Movies | March 13, 2022 6:09 pm

William Hurt, Oscar-Winning Actor, Dead at 71

He worked with an astonishing array of filmmakers

William Hurt
William Hurt in "Until the End of the World," 1991.
Impress Own/United Archives via Getty Images

On Sunday, news broke that actor William Hurt had died at his Portland, Oregon home. His son Will confirmed the news to The Hollywood Reporter. Hurt was 71, and had spent several decades having an unpredictable and thoroughly singular career, whether he was playing an obsessed researcher or a reclusive crime boss. Over the course of his career, Hurt won the 1985 Academy Award for Best Actor for his work in Kiss of the Spider Woman.

Hurt’s career included several collaborations with director Lawrence Kasdan, beginning with the 1981 thriller Body Heat and also including the likes of The Big Chill and The Accidental Tourist. Hurt fit the bill of a conventionally handsome leading man — a quality that led to memorable work in 1988’s Broadcast News — but he could also vanish into sinister supporting roles. In Stephen Spielberg’s A.I. and David Cronenberg’s A History of Violence, Hurt plays twisted authority figures with equal parts affability and menace.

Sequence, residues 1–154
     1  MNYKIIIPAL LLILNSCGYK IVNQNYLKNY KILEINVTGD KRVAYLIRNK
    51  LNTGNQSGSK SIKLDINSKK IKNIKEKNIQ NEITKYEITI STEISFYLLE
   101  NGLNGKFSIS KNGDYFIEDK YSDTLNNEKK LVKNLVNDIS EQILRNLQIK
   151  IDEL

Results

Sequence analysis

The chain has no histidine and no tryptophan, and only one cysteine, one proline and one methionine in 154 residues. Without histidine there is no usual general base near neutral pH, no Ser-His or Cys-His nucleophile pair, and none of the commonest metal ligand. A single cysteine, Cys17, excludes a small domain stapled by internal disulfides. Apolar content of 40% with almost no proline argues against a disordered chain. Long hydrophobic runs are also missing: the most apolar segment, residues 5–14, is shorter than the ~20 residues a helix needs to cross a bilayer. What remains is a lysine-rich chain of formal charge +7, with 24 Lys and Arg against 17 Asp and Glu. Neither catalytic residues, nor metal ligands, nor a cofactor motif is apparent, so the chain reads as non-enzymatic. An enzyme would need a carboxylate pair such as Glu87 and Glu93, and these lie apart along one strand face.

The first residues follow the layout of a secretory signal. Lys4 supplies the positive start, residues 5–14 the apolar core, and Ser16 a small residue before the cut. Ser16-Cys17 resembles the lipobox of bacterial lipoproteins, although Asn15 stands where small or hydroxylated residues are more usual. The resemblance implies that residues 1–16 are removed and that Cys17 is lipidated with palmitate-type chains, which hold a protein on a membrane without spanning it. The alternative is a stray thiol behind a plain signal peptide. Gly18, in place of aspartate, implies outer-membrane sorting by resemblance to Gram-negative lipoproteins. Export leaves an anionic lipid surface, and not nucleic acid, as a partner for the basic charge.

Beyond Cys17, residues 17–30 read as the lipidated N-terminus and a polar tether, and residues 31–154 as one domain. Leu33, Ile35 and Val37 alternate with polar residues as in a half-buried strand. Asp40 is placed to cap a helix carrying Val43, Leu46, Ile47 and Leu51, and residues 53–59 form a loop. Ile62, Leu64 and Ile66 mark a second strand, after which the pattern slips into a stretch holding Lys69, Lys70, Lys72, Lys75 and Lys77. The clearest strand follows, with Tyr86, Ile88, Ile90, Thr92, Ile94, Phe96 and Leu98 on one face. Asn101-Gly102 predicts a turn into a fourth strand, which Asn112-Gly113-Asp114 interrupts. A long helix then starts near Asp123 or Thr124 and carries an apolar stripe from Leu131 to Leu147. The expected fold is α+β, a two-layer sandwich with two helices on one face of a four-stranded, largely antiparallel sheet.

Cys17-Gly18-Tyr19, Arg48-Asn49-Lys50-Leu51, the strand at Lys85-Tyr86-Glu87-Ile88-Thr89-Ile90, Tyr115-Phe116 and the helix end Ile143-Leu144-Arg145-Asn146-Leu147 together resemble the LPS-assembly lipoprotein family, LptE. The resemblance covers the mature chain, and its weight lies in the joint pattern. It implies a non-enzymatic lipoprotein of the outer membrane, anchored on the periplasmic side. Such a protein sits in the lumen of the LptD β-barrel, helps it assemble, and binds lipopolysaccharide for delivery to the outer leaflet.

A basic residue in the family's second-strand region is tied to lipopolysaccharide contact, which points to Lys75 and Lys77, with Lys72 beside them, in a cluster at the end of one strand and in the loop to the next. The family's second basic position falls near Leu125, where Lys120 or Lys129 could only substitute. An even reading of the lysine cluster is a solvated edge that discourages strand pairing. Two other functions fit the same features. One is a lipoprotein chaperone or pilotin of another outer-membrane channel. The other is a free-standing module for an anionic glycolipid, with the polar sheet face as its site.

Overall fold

Hurt’s first onscreen role came in 1980’s Altered States, where he plays a scientists whose search for transcendence threatens to cost him his humanity; it neatly combined his leading-man charisma and his penchant for cult films. (See also: his roles in Dark City and Until the End of the World.) The list of acclaimed directors with whom he worked reads like a filmmaking hall of fame — Wim Wenders! Nora Ephron! Chantal Akerman! His was a staggeringly great career.

Revisiting Hurt’s filmography — as many are likely to do in the coming days and weeks — has the potential to be exponentially rewarding. Whether it’s the humanistic drama of Smoke or the science fiction road movie of Until the End of the World — or something entirely different — Hurt embodied characters who are hard to forget in films that share that quality.